Jessica from Italy Logue
explains a few English curse words
translated into Italian:
8. Accidenti! (ah-chee-DEN-tee)
Let’s start with something G-rated, shall we? This is the less-questionable version of “merda” (see #6) - when you want to say a euphemism like “crap” instead of swearing and saying “shit,” you’d say “accidenti.” It looks so much more innocent, doesn’t it? Almost like, “Oh, what a horrible accident that I almost said a bad word” or something. Anyway, this is the one to internalize so that you don’t let loose with any of the really bad ones in front of passing nuns.
7. Madonna! (mah-DOHN-nah)
While many Italian stereotypes turn out to be less true on the ground in Italy than you might have expected them to be, the one about Italians using “mamma mia!” as an exclamation of surprise or annoyance holds water - they actually do use it. But personally, I prefer the equally common “Madonna!” if for no other reason than it amuses me in this predominantly Catholic country. You can even pair this one with “porca” (see #1) for more emphatic (and less polite) uses.
6. Merda! (MEHR-dah)
Now, because I’d often get the “How do you say ’shit’ in Italian?” question from students, I’ve learned this one - but I’ve honestly not heard it as much in Italy as I have some of the other swear words on this page. This is, however, how you say “shit” in Italian, and it’s used in exactly the same way we use it in English. It also is incorporated into other phrases for more colorful meanings as well.
5. Cazzo! (KAHTZ-soh)
This is the other question I’d get from the occasional (bolder) students - “How do you say ‘fuck’ in Italian?” This is the answer - “cazzo” - although it literally is a colorful term for “penis” (see below), and this one you do hear.
4. Testa di cazzo! (TES-tah dee KAHTZ-soh)
Sometimes translating things literally is what makes these swear words amusing to me - but sometimes it works out quite well, and that’s the case with this little gem. Instead of calling someone a “dickhead,” in Italian you’d call them a “head of dick,” or a “testa di cazzo.” Which, really, is the same thing, right? This is also a general way of calling someone an “asshole,” but the Italian “testa di cazzo” has a bit more spice and so isn’t language you’ll want to use in polite company. “Cazzo” has lots of uses in Italian, like “culo” (see #3).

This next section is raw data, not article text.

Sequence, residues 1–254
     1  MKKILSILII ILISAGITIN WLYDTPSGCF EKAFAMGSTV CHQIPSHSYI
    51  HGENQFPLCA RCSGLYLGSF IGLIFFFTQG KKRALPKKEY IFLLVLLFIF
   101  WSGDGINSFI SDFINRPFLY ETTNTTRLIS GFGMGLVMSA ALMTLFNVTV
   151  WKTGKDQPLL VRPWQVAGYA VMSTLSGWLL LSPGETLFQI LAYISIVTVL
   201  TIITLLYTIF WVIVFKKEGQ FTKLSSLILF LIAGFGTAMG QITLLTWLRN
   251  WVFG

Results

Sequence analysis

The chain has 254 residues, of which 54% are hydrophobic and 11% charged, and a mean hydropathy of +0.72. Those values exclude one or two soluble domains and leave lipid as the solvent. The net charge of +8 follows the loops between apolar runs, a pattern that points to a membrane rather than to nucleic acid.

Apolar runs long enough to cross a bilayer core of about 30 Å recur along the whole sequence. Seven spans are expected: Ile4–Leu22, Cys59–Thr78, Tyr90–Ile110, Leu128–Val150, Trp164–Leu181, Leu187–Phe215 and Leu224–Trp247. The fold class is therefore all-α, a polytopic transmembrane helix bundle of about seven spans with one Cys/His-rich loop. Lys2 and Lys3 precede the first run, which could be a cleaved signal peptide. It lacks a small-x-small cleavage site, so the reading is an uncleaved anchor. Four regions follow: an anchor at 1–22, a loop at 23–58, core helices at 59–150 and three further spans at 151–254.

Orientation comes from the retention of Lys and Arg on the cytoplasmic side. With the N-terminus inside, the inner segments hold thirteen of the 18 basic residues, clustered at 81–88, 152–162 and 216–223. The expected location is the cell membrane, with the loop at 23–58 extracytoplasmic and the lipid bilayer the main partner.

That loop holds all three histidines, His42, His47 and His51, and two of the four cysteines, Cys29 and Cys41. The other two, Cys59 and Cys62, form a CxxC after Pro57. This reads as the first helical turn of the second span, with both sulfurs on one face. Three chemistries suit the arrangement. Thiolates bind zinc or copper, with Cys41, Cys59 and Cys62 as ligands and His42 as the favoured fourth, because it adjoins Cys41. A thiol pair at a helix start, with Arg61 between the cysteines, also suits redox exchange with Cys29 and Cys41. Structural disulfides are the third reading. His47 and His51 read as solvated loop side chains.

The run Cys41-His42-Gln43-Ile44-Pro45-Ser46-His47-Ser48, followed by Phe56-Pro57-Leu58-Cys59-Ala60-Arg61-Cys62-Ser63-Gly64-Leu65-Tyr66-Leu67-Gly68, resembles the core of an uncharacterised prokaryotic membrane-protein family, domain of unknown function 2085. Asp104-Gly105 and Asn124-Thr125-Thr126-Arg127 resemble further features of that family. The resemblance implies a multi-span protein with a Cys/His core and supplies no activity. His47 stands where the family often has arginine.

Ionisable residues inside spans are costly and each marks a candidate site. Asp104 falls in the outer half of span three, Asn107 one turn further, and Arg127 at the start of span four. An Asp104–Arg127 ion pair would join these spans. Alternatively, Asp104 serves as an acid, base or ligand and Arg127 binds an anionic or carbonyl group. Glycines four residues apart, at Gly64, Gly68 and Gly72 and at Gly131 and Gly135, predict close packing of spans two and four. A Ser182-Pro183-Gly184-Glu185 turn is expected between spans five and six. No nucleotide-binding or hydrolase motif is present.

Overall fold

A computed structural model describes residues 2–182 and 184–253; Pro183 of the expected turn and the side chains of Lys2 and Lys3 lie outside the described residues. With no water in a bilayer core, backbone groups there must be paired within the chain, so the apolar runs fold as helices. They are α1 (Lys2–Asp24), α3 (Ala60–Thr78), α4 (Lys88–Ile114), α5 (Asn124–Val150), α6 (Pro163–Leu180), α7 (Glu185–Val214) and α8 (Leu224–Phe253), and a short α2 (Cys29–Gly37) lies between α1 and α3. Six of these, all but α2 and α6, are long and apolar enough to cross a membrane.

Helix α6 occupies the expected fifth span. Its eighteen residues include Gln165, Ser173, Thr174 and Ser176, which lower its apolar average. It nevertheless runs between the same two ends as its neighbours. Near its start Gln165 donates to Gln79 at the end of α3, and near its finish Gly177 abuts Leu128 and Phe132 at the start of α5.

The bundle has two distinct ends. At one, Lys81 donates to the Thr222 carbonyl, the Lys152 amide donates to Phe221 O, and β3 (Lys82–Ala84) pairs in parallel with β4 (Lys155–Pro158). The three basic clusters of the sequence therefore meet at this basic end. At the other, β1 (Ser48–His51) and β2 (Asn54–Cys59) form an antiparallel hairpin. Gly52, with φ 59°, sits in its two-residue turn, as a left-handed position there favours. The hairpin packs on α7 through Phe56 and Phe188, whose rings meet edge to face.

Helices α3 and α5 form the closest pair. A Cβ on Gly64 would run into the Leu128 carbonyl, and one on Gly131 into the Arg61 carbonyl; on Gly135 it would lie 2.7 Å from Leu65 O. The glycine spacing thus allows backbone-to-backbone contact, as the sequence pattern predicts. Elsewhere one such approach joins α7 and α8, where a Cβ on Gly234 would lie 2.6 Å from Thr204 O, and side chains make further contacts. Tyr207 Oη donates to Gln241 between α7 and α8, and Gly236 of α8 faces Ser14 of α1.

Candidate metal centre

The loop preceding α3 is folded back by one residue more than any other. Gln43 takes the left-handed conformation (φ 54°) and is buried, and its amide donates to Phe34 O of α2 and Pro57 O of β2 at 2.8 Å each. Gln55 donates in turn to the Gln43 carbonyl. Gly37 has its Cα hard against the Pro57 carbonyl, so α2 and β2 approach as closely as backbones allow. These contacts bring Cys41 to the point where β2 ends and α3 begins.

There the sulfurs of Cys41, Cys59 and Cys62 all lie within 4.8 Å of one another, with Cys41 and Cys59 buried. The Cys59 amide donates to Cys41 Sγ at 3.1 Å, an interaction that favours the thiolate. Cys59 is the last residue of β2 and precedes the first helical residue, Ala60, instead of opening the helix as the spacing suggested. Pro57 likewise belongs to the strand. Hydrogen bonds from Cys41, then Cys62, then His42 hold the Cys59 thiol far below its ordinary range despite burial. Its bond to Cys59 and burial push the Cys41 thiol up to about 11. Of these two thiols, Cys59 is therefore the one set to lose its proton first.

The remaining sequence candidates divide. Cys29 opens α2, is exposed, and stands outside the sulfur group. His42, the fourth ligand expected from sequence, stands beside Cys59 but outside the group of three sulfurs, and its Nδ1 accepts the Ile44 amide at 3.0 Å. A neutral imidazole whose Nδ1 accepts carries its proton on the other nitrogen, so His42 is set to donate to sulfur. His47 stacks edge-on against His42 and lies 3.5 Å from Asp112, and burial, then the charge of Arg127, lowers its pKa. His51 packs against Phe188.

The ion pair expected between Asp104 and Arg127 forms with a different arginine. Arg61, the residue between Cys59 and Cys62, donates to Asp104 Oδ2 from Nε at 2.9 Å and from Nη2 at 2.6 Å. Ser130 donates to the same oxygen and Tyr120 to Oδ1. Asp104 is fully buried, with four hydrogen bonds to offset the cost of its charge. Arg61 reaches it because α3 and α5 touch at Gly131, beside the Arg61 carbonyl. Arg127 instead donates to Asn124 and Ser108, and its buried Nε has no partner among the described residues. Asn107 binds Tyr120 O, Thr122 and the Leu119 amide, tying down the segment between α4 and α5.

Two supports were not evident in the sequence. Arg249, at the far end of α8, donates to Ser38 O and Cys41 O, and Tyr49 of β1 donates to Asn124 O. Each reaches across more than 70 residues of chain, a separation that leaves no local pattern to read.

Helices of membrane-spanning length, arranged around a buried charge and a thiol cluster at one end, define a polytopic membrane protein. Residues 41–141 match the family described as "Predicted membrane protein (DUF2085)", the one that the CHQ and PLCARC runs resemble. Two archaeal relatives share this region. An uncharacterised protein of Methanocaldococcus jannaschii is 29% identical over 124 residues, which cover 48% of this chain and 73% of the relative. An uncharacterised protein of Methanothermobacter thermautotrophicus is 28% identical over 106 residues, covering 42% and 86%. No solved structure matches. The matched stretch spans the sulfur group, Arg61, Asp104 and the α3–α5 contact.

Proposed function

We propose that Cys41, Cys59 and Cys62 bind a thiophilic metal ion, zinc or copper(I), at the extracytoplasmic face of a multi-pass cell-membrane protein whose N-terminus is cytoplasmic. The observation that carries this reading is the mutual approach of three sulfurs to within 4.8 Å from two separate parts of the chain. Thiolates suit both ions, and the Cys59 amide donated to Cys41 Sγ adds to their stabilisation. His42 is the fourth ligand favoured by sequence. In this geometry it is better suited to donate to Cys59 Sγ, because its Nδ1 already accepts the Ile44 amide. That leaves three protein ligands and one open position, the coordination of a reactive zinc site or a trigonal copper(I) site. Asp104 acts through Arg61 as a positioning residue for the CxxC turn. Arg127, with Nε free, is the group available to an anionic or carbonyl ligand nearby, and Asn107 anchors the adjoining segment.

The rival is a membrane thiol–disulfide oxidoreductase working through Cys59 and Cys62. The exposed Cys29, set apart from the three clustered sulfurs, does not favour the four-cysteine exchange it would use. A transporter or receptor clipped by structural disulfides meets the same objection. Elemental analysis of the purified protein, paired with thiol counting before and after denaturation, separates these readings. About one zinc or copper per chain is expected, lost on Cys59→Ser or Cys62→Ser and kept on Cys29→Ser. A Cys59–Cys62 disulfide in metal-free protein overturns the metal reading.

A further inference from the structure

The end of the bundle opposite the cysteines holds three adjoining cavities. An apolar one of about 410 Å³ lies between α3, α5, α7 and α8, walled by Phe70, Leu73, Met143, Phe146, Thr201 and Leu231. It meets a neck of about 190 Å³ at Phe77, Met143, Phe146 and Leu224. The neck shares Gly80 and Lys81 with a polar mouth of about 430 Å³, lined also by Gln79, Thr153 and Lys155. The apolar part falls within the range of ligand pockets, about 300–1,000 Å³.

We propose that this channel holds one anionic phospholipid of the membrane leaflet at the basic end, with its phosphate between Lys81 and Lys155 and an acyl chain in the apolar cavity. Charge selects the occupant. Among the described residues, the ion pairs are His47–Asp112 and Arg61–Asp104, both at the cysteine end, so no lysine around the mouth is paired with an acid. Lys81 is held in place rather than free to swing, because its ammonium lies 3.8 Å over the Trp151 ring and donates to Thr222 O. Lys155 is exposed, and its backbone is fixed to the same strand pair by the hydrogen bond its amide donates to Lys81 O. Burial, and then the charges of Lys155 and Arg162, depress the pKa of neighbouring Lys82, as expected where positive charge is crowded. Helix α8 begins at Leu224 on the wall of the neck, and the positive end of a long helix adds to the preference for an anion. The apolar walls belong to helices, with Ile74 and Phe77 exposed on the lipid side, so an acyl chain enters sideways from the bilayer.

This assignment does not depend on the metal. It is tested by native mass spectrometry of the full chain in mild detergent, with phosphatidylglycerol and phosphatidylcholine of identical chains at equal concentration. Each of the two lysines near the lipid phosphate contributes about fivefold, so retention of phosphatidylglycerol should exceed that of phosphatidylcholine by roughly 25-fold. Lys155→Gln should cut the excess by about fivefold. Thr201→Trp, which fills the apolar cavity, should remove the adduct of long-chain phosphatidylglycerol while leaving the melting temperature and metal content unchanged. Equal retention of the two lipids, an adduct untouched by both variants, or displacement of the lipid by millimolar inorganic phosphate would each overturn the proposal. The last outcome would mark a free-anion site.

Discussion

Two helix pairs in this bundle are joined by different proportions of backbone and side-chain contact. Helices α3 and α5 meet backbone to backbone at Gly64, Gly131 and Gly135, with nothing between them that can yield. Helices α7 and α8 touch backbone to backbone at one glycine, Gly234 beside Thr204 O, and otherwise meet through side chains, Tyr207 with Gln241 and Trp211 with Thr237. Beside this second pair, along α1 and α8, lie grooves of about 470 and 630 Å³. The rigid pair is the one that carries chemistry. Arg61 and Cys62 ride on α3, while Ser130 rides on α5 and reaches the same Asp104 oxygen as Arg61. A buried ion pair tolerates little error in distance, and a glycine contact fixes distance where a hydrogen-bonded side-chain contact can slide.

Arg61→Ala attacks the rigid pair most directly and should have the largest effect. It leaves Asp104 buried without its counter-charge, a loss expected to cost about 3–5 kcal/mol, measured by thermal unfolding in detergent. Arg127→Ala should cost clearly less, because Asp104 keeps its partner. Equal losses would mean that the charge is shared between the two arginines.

3. Vaffanculo! (vah-fahn-KOO-loh)
This is a red-hot number, so use it with caution. It’s the Italian equivalent of “fuck off” or “go fuck yourself,” but literally means something vaguely like “go do it in the ass.” “Culo” on its own (meaning “ass,” but in a much more vulgar way than the English can really translate) has many, many uses in Italian, but this is the one non-Italians can latch onto quickly - which is both entertaining and a bit dangerous! The accompanying gesture for “vaffanculo” is the same as it is in English - a middle finger.
2. Cavolo! (KAH-voh-loh)
Here’s an example of an exclamation that is really only funny to me because I translate it literally in my head when I hear it. “Cavolo” literally means “cabbage,” but when you say it emphatically it’s kind of like the equivalent of “holy crap!” or a more forceful version of “wow!” Even better, in my humble opinion, is what happens when you put the innocuous-looking “che” in front of it - “che cavolo?” offered as a question is kind of like saying, “what the fuck?” but you’re really saying, “what cabbage?” Ah, I love that.
1. Porca vacca! (POR-kah VAH-kah)
This is my favorite one, hands down. In English, I’ve got lots of ways to say, “well, dammit!” in varying degrees of colorful language. In Italian, it’s no different. “Porca vacca” literally means “pig cow,” but it’s used in much the same way we’d say, “crap!” or “damn!” or the like - it’s not the most polite way to say it, but it’s also not the worst. What I particularly love about it is the literal translation (it cracks me up to think people are saying, “pig cow!”), and what’s fun about this is that you can put “porca” in front of just about anything. “Porca vacca” is my favorite for its literal silliness, but “porca miseria” (”miserable pig” or “pig poverty”) is a very close second-favorite for my perceived sense of the melodrama that goes with it. You’ll hear variations on these at Italian sporting events when the home team does something stupid.